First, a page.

The Securities and Exchange Commission (SEC) on Thursday charged the former chief financial officer of biopharmaceutical company Immunomedics (IMMU) and his former romantic partner with insider trading.
Usama Malik, who served as CFO and chief business officer at IMMU from 2017 through October 2020, allegedly tipped off his then-girlfriend, Lauren Wood, when he learned in April 2020 the company would announce the Food and Drug Administration (FDA) permitted it to halt a clinical trial for a breast cancer drug because existing trial data provided compelling evidence the drug was effective. Wood, who was living with Malik at the time, then bought IMMU stock, according to the SEC’s complaint.
IMMU company policy prohibited Malik and members of his household from trading IMMU securities while in possession of material nonpublic information. Wood was also aware of this, as she worked as a senior director and head of patient experience at IMMU from 2018-19, according to the SEC.
“As an officer of IMMU, Malik owed IMMU a duty of trust and confidence, including a duty to refrain from using IMMU’s information for his own personal gain,” the SEC’s complaint, filed in the U.S. District Court for the District of New Jersey, stated.
In a parallel action, the U.S. Attorney’s Office for the District of New Jersey announced criminal charges against Malik and Wood. The securities fraud count carries a potential penalty of 20 years in prison and a $5 million fine.
Malik also tipped off three family members regarding the FDA news, according to the SEC. Wood and two of the family members bought IMMU stock, as did an account in the name of the third family member’s spouse. After IMMU announced the FDA’s decision, its stock price nearly doubled, resulting in a gain of approximately $67,060 to Wood and a combined gain of approximately $21,400 to the family members, the SEC stated.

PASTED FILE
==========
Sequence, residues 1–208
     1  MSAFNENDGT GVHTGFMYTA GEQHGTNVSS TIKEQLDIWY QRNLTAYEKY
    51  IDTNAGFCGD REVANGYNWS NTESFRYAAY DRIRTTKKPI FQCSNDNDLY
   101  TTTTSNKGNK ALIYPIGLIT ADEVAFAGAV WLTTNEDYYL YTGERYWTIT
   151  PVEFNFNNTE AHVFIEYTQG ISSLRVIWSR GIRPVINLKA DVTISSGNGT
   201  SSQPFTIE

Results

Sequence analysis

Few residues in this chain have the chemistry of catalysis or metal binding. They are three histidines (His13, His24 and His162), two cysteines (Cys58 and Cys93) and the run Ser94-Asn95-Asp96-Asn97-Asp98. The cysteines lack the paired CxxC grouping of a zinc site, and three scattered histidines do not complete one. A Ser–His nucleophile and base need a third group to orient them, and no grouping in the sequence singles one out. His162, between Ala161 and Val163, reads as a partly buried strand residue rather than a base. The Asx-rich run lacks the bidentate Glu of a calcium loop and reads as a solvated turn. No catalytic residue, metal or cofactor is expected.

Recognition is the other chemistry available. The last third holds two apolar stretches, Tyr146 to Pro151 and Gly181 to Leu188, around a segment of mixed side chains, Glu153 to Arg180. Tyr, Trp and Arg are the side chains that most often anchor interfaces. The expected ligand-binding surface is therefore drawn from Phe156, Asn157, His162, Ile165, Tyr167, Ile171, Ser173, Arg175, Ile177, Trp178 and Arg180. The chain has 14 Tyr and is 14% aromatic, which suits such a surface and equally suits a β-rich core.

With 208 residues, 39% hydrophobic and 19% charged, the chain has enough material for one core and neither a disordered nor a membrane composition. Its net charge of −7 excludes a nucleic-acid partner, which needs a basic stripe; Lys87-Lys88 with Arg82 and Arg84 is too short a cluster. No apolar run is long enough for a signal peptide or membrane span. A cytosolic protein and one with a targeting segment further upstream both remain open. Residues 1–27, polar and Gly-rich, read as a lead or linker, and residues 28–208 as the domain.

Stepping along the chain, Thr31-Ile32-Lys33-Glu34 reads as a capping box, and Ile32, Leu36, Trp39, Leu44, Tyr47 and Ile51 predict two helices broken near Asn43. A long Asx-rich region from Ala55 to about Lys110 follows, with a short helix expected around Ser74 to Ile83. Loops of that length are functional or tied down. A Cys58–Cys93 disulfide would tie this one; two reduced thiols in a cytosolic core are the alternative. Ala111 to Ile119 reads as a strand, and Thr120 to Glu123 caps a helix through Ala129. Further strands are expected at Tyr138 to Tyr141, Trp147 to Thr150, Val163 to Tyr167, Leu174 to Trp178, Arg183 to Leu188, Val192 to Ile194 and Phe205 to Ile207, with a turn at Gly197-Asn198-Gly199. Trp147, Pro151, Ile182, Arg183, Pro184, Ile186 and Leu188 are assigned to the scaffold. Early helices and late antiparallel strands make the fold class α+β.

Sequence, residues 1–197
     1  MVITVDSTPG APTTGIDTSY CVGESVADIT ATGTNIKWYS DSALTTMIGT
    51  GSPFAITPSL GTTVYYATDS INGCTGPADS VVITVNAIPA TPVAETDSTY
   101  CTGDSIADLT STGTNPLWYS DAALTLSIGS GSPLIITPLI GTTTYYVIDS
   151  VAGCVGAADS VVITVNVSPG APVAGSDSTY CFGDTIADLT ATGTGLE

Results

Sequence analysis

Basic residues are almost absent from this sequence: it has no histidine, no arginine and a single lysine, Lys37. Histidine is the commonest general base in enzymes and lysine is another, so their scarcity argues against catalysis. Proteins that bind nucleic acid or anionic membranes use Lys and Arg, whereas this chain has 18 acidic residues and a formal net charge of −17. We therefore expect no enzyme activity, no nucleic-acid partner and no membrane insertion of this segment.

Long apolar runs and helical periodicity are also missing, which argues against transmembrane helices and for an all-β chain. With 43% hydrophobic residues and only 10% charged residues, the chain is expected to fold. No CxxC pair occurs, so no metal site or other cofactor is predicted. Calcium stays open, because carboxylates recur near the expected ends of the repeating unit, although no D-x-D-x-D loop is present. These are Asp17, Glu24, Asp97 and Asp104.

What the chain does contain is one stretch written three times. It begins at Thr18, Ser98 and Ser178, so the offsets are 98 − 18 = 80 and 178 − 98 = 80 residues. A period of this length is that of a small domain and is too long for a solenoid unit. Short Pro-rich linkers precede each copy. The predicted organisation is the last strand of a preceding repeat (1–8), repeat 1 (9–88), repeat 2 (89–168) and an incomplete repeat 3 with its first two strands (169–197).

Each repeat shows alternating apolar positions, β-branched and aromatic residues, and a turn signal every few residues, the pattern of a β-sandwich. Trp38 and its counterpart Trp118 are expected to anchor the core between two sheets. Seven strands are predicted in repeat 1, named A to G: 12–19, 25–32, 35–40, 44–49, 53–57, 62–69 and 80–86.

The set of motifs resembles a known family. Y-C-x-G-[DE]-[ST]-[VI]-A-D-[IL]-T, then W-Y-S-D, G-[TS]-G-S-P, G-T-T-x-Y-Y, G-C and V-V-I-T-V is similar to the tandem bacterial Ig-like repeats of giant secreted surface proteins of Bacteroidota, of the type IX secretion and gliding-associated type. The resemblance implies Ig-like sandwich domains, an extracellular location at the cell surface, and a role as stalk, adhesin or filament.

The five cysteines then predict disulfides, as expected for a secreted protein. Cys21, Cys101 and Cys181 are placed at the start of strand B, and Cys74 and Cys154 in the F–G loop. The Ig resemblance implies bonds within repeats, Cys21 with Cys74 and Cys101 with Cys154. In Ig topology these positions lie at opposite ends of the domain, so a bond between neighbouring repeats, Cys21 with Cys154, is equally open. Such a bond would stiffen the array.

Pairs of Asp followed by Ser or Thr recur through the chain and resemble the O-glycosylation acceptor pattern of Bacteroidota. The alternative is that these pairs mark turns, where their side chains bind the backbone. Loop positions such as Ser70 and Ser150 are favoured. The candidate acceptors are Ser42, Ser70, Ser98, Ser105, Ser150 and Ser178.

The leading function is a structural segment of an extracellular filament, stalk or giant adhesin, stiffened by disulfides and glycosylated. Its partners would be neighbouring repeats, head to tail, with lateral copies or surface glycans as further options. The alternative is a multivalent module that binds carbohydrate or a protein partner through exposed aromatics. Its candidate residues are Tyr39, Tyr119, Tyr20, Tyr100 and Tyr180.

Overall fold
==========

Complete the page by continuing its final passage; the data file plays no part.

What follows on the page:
The agency’s complaint further alleged that, when the Financial Industry Regulatory Authority (FINRA) asked Malik about Wood’s trading as part of an inquiry, “he failed to identify her as his romantic partner and falsely claimed that he had not communicated with her during the relevant period,” the SEC said.
“Public company executives have a duty to safeguard material nonpublic information and must not use it for their personal benefit, as we allege Malik did by tipping Wood and his family members,” said Joseph Sansone, chief of the SEC’s Market Abuse Unit, in a press release. “The Enforcement Division remains focused on detecting and investigating insider trading by public company executives.”
The SEC charged Malik and Wood with violating the antifraud provisions of the federal securities laws and seeks against each of them a permanent injunction and civil penalty. The agency is also seeking an officer and director bar against Malik.